And the county's making a familiar ask of people living in the camps: If you're sick — and can't find a different tent — try to create a six-foot buffer.
But some sleeping outdoors say that’s potentially asking too much of people living in a space barely wide enough to stretch out your arms.
“A lot of us out here in these camps, we camp as a group — we’re never six feet apart,” said Raven Drake, who’s been living at a campsite on the Western bank of I-5 in North Portland for the last few months. “That's just unrealistic.”
While she has a tent to herself, about a mile down the hill, she says as many as nine people cram into six-person tents.
Drake has a medical background: an obsession with her older sister’s nursing textbooks followed, she said, by five years as a combat medic in the U.S. Navy. So when Multnomah County leaders held brainstorm meetings last week, Kaia Sand, who heads the local advocacy group Street Roots, brought Drake along.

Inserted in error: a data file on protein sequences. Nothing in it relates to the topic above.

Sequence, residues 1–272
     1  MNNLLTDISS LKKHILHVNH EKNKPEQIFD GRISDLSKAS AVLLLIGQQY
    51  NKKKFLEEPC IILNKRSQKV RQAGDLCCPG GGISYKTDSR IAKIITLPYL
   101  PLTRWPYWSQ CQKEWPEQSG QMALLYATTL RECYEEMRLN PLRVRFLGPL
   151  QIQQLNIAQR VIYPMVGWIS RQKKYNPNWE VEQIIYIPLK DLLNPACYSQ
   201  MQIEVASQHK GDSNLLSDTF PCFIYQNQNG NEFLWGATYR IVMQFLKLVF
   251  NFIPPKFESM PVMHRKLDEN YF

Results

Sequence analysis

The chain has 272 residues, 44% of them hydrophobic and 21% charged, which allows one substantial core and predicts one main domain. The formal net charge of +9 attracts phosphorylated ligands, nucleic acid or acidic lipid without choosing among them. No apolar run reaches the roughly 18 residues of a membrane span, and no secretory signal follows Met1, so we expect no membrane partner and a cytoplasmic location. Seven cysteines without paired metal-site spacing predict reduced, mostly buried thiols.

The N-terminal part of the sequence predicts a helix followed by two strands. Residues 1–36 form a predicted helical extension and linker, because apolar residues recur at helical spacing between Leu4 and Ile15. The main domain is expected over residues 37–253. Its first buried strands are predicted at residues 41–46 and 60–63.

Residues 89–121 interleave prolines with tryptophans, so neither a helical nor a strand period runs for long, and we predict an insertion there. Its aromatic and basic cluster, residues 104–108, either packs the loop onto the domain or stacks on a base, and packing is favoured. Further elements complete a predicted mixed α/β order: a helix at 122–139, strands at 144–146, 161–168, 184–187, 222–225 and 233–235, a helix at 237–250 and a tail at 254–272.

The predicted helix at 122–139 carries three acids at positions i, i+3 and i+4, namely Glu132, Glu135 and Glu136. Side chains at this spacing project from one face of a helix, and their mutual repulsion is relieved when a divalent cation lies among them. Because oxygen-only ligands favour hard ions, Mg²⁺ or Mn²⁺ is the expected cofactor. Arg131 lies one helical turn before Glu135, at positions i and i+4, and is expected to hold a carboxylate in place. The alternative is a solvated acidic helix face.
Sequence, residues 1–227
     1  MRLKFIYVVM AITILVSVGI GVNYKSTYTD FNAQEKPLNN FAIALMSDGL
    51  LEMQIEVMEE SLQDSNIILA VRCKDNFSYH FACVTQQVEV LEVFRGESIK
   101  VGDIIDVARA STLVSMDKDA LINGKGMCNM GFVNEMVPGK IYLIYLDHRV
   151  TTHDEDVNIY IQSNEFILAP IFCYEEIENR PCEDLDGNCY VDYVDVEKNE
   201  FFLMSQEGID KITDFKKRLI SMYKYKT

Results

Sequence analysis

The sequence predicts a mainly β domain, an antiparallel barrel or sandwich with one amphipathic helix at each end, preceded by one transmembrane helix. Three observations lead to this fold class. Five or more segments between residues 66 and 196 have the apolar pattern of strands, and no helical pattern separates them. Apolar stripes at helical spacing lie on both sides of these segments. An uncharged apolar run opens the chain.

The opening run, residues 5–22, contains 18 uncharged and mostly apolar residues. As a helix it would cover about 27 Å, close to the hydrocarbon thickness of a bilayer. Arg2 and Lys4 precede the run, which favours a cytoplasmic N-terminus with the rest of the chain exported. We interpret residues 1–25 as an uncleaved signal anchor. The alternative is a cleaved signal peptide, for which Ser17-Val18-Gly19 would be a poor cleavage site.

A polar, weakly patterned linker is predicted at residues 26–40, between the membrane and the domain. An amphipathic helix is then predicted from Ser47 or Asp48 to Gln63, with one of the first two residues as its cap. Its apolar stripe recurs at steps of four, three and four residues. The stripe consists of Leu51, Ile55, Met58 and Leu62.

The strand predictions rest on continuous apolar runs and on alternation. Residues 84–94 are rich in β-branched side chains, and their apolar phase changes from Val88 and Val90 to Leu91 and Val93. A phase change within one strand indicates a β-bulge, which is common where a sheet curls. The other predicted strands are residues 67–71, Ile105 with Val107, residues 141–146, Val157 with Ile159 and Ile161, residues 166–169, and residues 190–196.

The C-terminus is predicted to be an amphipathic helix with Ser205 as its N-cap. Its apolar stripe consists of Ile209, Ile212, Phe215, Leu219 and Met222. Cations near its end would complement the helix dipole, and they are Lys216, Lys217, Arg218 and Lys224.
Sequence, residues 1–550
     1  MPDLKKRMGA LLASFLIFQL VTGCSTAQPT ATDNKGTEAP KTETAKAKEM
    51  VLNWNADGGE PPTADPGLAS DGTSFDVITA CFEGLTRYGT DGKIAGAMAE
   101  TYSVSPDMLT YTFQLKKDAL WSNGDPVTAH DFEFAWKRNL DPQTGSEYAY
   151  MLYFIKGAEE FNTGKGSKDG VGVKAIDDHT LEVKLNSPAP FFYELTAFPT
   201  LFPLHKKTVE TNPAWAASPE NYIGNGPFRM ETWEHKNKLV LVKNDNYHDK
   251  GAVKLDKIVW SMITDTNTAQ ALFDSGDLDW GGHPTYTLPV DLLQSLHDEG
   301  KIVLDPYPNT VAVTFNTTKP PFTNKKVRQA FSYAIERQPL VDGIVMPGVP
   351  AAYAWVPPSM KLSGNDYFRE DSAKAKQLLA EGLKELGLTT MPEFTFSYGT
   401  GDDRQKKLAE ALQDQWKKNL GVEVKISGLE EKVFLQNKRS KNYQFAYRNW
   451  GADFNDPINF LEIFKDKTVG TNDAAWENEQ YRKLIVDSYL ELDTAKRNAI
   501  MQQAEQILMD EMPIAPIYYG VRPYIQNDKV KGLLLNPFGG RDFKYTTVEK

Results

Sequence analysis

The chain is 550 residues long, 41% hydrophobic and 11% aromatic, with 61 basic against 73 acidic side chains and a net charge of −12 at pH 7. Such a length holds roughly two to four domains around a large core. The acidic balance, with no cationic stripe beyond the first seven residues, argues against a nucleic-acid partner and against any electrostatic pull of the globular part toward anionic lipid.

At the meeting, Drake said she told officials what campsites such as hers needed to prevent an outbreak: access to bathrooms, showers, water and hand sanitizer.
But when it comes to carving out space, that’s something Drake’s taking into her own hands. She’s set aside a second tent — one usually used for cooking and socializing — to isolate sick people with light symptoms.
She has blankets, tea, water and the business cards of physicians to call if a patient’s condition doesn’t improve.
“It just sort of gives us space to be able to bring people to allow them to recuperate,” she said, noting most people who catch the virus display only mild symptoms. “And so, for most people, the best thing they could do is get rest, drink electrolytes and water, and allow this to run its course.”